Instructional literature. A genre of oratorical, didactic prose that was popular in ancient and medieval times in Europe. There are many translated and original works of this genre in Old Ukrainian literature—speeches, discourses, and homilies. Among translated works the oldest are the instructions of Xenophon and Theodora in the Izbornik of Sviatoslav (1076). Of the original works the most important are Prince Volodymyr Monomakh’s Poucheniie ditiam (Instructions to [My] Children), Metropolitan Ilarion’s ‘Slovo o zakoni i blahodati’ (Sermon on Law and Grace), the sermons and instructions of Cyril of Turiv, the ‘Poucheniie o liubvi’ (Instructions on Love) attributed to Klym Smoliatych, and the instructions of Luka Zhydiata and of Serapion of Vladimir. Some anonymous works were also widely known: ‘Slovo o pravdi i nepravdi’ (A Sermon on Truth and Falsehood), ‘Slovo o linyvim i sonlyvim’ (A Sermon on a Lazy and Sleepy Man), a sermon on parental respect, and others. The nature of poetry in Ifika iieropolitika (1712) was also instructional. Works of instructional literature typically consist of an appeal to children or the faithful to live righteously, learn, work hard, be merciful toward others, and live humbly and simply.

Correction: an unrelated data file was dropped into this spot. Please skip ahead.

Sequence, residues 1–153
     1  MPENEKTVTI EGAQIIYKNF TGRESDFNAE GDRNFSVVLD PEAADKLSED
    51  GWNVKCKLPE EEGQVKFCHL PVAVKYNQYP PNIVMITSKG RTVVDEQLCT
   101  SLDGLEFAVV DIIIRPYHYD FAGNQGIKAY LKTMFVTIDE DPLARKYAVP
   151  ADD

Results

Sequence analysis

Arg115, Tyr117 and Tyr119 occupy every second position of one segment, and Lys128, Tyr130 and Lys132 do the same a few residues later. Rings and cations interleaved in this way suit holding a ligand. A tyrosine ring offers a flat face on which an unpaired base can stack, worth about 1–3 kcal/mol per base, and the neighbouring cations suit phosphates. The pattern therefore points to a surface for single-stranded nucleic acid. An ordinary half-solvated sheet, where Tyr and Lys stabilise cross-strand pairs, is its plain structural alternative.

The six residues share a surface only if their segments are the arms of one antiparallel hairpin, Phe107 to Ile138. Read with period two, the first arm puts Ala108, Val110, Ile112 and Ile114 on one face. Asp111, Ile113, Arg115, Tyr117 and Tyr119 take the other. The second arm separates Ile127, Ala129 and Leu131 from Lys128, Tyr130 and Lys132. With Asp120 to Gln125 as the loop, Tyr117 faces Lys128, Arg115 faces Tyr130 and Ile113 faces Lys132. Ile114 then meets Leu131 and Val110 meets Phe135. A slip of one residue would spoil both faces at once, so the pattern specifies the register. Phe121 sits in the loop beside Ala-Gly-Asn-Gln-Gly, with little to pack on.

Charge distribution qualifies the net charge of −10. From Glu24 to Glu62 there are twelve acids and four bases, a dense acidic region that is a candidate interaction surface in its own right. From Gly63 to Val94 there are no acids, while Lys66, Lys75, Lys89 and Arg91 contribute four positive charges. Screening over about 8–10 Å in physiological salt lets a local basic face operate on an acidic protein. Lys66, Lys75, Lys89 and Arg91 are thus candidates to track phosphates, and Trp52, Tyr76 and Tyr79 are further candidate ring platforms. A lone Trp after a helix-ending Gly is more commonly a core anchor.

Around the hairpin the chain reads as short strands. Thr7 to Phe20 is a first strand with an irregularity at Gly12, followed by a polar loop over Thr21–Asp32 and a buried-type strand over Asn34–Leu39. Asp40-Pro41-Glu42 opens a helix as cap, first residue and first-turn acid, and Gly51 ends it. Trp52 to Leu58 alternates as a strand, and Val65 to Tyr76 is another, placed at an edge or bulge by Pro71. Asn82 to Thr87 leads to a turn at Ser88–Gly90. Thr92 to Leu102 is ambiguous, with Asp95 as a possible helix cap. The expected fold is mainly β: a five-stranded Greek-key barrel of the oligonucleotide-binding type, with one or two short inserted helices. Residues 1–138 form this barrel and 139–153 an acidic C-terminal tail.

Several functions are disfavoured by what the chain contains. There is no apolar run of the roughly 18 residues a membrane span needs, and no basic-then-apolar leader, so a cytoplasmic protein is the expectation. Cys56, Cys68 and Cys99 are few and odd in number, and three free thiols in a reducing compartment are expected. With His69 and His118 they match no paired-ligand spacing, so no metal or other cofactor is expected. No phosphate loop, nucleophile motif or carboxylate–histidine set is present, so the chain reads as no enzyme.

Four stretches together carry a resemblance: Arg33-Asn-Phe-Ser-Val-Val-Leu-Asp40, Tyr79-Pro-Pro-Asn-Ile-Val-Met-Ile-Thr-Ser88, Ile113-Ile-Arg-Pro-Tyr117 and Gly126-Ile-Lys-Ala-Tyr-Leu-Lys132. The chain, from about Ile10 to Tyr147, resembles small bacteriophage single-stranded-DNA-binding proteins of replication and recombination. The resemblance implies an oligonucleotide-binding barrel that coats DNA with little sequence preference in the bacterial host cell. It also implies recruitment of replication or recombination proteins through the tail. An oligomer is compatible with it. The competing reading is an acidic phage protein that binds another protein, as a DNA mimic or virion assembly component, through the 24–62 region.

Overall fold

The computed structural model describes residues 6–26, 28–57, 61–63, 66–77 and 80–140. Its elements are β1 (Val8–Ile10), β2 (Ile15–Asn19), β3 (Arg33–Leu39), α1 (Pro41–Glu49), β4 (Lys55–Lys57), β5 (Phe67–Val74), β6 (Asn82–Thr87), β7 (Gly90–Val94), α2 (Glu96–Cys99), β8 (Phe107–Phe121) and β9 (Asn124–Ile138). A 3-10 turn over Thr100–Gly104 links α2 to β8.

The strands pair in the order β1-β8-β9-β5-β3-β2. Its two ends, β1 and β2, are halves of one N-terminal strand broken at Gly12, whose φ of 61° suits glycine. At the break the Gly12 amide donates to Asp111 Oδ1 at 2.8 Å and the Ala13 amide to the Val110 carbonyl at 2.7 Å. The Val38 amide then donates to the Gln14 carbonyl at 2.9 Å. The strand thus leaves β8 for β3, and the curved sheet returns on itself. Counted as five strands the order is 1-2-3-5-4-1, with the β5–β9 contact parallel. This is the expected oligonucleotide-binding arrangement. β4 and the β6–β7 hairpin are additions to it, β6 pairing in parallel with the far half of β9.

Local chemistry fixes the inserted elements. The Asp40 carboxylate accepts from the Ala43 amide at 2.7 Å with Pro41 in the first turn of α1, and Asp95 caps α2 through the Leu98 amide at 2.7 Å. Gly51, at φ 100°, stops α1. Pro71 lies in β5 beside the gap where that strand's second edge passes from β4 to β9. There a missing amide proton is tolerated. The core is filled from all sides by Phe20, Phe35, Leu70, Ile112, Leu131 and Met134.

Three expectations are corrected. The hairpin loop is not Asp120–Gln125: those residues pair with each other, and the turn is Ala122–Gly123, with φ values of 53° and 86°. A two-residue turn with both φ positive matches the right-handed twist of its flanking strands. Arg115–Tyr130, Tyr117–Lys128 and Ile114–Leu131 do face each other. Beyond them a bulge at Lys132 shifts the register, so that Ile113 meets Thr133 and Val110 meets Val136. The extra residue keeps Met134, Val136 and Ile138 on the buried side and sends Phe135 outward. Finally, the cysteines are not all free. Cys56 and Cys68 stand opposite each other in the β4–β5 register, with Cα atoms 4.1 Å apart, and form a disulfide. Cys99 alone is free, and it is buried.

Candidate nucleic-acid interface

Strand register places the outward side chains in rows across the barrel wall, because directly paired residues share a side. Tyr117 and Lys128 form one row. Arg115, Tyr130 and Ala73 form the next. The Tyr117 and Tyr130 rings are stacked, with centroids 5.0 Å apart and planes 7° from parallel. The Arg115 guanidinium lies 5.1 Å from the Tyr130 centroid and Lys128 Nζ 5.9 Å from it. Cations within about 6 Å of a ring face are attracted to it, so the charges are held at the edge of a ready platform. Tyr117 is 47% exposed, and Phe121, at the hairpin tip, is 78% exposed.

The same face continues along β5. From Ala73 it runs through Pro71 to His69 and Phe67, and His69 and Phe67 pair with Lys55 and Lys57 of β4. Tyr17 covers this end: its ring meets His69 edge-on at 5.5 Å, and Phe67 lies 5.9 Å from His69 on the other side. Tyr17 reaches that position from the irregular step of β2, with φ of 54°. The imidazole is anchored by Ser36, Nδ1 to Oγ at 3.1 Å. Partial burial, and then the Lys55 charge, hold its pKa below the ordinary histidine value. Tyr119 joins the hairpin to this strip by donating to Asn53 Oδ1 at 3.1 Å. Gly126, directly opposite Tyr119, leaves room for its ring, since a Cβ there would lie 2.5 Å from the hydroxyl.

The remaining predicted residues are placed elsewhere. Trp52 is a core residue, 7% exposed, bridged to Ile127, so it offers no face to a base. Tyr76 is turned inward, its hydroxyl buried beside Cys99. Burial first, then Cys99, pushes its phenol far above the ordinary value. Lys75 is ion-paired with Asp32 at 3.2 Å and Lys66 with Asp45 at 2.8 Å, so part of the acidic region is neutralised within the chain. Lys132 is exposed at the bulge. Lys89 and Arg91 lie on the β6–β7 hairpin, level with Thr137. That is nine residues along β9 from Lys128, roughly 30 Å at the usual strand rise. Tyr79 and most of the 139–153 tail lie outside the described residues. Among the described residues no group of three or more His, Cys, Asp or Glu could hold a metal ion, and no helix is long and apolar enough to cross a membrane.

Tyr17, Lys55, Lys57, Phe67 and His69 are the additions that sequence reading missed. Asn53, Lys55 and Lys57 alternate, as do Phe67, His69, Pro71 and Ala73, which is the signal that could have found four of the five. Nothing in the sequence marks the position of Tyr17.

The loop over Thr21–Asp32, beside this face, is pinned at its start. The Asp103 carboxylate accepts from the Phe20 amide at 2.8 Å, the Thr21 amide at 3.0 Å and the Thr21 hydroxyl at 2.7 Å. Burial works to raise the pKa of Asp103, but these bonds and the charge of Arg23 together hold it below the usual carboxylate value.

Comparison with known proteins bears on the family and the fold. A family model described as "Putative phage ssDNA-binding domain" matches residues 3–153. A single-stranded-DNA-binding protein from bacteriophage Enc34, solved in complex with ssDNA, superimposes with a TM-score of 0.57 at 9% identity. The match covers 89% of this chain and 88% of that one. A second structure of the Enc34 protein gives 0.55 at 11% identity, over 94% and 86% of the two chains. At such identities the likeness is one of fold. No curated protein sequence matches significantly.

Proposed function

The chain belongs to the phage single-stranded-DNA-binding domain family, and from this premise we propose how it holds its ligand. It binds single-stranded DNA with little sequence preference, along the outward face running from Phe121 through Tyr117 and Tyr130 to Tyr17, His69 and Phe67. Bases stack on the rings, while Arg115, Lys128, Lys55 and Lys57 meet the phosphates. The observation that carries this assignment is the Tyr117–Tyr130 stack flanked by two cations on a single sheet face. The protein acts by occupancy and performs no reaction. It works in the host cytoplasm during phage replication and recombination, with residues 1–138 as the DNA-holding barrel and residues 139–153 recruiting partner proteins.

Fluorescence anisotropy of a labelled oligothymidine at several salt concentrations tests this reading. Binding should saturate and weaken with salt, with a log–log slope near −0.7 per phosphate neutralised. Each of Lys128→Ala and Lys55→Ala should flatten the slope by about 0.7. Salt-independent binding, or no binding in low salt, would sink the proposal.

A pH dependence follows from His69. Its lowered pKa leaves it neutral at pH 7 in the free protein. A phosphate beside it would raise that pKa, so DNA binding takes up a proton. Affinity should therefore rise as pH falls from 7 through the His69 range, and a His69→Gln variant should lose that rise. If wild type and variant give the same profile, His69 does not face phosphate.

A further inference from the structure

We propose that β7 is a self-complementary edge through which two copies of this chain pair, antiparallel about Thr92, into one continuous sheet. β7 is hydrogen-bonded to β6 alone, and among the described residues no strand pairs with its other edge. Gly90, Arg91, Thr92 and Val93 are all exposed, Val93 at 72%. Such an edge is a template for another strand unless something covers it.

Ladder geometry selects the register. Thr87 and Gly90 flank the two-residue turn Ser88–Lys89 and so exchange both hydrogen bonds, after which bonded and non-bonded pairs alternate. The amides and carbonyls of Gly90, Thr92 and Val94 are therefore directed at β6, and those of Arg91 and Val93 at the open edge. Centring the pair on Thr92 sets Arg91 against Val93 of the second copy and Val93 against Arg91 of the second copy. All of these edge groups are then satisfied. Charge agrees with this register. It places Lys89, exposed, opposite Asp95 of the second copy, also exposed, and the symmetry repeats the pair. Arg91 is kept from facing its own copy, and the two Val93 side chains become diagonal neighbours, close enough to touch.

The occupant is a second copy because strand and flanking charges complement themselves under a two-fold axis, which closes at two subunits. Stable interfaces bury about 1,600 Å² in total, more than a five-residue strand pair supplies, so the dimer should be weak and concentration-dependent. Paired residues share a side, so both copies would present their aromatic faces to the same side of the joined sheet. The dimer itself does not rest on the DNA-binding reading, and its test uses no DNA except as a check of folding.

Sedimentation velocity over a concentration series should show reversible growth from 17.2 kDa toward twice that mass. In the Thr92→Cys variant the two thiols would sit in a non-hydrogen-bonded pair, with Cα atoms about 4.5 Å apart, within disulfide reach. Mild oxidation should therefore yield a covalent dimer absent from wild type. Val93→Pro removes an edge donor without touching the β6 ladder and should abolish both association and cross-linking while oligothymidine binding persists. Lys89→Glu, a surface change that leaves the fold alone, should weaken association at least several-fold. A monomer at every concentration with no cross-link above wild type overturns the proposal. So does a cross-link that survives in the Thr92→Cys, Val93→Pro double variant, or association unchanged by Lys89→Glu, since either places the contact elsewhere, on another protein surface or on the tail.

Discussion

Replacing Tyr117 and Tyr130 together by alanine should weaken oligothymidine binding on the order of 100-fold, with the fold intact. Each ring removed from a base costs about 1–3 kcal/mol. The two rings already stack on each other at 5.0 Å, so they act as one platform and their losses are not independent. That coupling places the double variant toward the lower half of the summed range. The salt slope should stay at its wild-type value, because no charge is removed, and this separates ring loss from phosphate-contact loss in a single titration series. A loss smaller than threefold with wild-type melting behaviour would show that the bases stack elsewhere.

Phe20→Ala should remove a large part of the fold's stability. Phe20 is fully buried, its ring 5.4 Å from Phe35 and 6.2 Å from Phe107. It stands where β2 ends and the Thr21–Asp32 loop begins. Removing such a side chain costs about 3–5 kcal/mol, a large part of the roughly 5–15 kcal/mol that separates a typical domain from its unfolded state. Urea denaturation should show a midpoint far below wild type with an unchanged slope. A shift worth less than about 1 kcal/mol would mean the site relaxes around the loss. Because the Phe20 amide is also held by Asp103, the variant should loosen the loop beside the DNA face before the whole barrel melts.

[This article originally appeared in the Encyclopedia of Ukraine, vol. 2 (1988).]